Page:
Another key task a project manager has to do in the planning phase is to create a project folder where to put all files pertaining to the project, including all the files received from and sent to the client, all files sent to and received from the translators, the terminologist and the senior translator/proofreader, TMs and glossaries and all the plans outlined above. A central folder allows a better control of the workflow. The folder below was created for the same website localization project mentioned above:
It is noteworthy that CAT tools are of little, if no, use to the project manager at this level. Designed primarily for translation and localization and not for project management, these tools are not equipped with specialized project management features. Thus, for small projects and for translators working as project managers, MS office applications such as Excel or Access may be sufficient to create schedules and a human resources database, for example. But for multiple large-size and multilingual projects, project managers need to use such planning and management tools as Microsoft Project, which allows managers to set up a plan of action, organize all WP that need to be completed in order to achieve set objective, track progress and analyze costs.
Groundwork is as critical a phase in the project’s life-cycle as the planning phase. It consists of several WPs, including glossary preparation and text preparation. The manager has to supervise terminology set up and the creation of bilingual or multilingual glossaries. If the client does not have an existing glossary and does not provide a terminology list, the manager will have to compile a specialized terms list by extracting relevant terms. This operation can be done either manually, via the macro function in MS Word, for example, or automatically by means of a term extraction tool. This list is then handed to the translator(s) working on terminology in order to build a project glossary according to the schedule plan. The project manager has to make sure the former has got all the necessary reference material to check terms against their context so that s/he can provide accurate equivalents. Some CAT tools even allow term extraction from previously translated material and their transfer to integrated terminological databases.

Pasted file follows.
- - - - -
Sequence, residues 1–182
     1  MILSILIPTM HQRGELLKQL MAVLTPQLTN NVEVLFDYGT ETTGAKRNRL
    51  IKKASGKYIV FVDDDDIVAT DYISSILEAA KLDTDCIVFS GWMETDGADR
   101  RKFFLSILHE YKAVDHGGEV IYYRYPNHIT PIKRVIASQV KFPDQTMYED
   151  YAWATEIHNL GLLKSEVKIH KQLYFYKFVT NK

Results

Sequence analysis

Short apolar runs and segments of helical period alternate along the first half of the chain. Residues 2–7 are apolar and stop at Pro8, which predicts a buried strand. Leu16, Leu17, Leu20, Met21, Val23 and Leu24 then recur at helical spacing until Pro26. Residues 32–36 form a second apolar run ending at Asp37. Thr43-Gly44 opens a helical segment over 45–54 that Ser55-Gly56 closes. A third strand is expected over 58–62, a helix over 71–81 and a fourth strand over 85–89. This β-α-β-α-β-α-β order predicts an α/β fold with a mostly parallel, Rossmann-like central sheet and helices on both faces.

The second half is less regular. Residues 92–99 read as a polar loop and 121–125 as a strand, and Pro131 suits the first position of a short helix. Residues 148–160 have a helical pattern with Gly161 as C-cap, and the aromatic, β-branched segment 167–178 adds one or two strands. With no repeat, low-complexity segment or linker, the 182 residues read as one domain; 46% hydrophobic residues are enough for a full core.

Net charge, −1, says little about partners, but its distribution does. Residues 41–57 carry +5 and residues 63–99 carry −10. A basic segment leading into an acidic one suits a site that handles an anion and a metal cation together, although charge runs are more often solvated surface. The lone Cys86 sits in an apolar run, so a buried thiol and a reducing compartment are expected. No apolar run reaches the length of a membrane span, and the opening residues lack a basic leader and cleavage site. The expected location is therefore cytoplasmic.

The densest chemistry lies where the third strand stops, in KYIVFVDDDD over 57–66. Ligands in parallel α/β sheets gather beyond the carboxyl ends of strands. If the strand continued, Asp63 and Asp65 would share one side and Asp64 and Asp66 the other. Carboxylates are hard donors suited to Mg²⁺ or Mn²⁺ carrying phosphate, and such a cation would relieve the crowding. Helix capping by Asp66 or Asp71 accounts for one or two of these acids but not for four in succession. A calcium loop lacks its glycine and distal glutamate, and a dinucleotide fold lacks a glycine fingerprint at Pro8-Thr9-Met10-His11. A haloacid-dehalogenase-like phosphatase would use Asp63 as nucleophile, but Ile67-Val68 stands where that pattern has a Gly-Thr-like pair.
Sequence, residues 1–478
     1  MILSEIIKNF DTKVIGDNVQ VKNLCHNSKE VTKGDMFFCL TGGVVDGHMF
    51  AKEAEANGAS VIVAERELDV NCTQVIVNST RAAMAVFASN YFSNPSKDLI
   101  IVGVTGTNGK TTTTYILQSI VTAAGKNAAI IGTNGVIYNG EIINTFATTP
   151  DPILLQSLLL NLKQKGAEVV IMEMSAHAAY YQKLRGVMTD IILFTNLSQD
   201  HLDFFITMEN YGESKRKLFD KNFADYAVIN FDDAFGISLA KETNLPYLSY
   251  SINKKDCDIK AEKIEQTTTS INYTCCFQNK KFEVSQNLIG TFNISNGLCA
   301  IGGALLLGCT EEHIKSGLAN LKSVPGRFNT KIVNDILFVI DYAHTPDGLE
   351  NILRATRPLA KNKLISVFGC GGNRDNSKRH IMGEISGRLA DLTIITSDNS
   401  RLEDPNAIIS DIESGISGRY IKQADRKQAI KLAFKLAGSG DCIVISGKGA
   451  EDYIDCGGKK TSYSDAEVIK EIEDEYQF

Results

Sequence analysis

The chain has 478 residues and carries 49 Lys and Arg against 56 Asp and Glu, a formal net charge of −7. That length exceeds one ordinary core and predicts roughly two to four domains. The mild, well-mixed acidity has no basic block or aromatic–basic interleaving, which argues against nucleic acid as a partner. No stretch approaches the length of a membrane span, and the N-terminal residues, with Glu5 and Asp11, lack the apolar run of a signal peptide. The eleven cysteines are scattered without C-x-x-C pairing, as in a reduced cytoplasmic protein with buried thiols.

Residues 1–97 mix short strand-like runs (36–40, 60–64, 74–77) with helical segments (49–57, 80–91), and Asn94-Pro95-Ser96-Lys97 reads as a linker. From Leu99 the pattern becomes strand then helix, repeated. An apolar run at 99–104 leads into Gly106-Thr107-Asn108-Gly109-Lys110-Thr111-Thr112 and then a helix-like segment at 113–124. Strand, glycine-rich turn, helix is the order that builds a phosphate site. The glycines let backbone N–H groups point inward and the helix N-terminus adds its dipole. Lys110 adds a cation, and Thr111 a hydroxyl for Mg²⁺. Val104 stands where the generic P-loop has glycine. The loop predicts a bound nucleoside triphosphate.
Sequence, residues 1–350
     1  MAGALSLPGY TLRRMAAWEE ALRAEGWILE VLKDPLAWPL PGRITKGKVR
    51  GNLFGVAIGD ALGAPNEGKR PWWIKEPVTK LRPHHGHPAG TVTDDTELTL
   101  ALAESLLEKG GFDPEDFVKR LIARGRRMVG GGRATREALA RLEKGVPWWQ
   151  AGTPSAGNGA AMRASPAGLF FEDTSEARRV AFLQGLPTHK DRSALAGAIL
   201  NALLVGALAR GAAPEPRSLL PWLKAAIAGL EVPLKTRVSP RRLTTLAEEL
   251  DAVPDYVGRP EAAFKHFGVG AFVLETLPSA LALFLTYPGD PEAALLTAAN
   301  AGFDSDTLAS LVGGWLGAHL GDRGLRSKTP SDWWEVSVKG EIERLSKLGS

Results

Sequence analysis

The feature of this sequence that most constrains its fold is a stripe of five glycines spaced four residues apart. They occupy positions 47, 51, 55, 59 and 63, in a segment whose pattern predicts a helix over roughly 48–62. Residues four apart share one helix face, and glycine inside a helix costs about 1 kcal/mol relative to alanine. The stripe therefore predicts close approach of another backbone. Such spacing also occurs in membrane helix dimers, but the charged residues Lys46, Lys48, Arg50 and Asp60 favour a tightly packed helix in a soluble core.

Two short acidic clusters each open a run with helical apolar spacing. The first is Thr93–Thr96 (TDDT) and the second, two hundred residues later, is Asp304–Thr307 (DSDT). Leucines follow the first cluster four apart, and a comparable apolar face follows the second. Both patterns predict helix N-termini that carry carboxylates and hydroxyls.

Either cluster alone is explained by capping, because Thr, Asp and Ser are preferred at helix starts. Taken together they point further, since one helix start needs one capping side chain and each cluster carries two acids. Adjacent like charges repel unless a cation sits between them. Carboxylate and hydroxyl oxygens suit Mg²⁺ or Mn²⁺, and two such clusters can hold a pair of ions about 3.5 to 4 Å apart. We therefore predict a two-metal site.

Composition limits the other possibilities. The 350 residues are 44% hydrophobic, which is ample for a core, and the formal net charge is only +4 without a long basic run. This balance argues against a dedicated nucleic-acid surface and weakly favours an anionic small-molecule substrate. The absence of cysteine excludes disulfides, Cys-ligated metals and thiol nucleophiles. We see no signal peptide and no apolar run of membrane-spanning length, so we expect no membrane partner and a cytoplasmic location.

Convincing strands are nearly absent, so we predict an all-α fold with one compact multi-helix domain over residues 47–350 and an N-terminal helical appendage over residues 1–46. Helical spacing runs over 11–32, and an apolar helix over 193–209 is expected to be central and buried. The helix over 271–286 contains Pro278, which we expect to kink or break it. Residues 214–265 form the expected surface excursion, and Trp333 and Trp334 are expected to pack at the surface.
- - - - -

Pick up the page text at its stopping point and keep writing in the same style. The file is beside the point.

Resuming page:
In DV, Trados MultiTerm or Star TermStar, and if the client provides a glossary, the project manager can easily import it and include other candidate terms in it before sending it to the translator in charge of terminology to look for equivalents. Terminological data exchange is easy between these tools as they support various formats, mainly txt. and xls. On the other hand, and as mentioned above, the text alignment utility, offered by these three TM tools allows the project manager to align previous versions of the source material and their translation, when available, match source language segments with their translation and feed the matching segments into a translation memory database that can be sent to translators along with the project glossary and the translatable text. As for Passolo, the project manager can use an existing glossary as a base and add terms to it in a txt. format easily imported in Passolo and linked to the project.
TM tools are also useful in text preparation. Thanks to their filters, they support various file format including tagged files, and allow the project manager to extract source files, separate translatable text from formatting information and convert the files ‘from [their] proprietary format to a format that can be read by the TM system’ (Esselink, 2000: 362), which helps preserve the original layout and protects tags against accidental modification or deletion. They also allow the segmentation of source texts following the solution’s algorithm so that texts are broken into segments easily compared to entries in the TM database. More importantly, they generally allow the setting up of multilingual projects in one go, like it is the case with Star Transit. Passolo, too, allows the preparation of files (EXE, DLL or OCX) for translation in several languages in one operation. The Translation Bundle feature it offers also enables the project manager to package all information and data necessary for the translators, like translation lists, project glossaries and notes for translators, in a single file.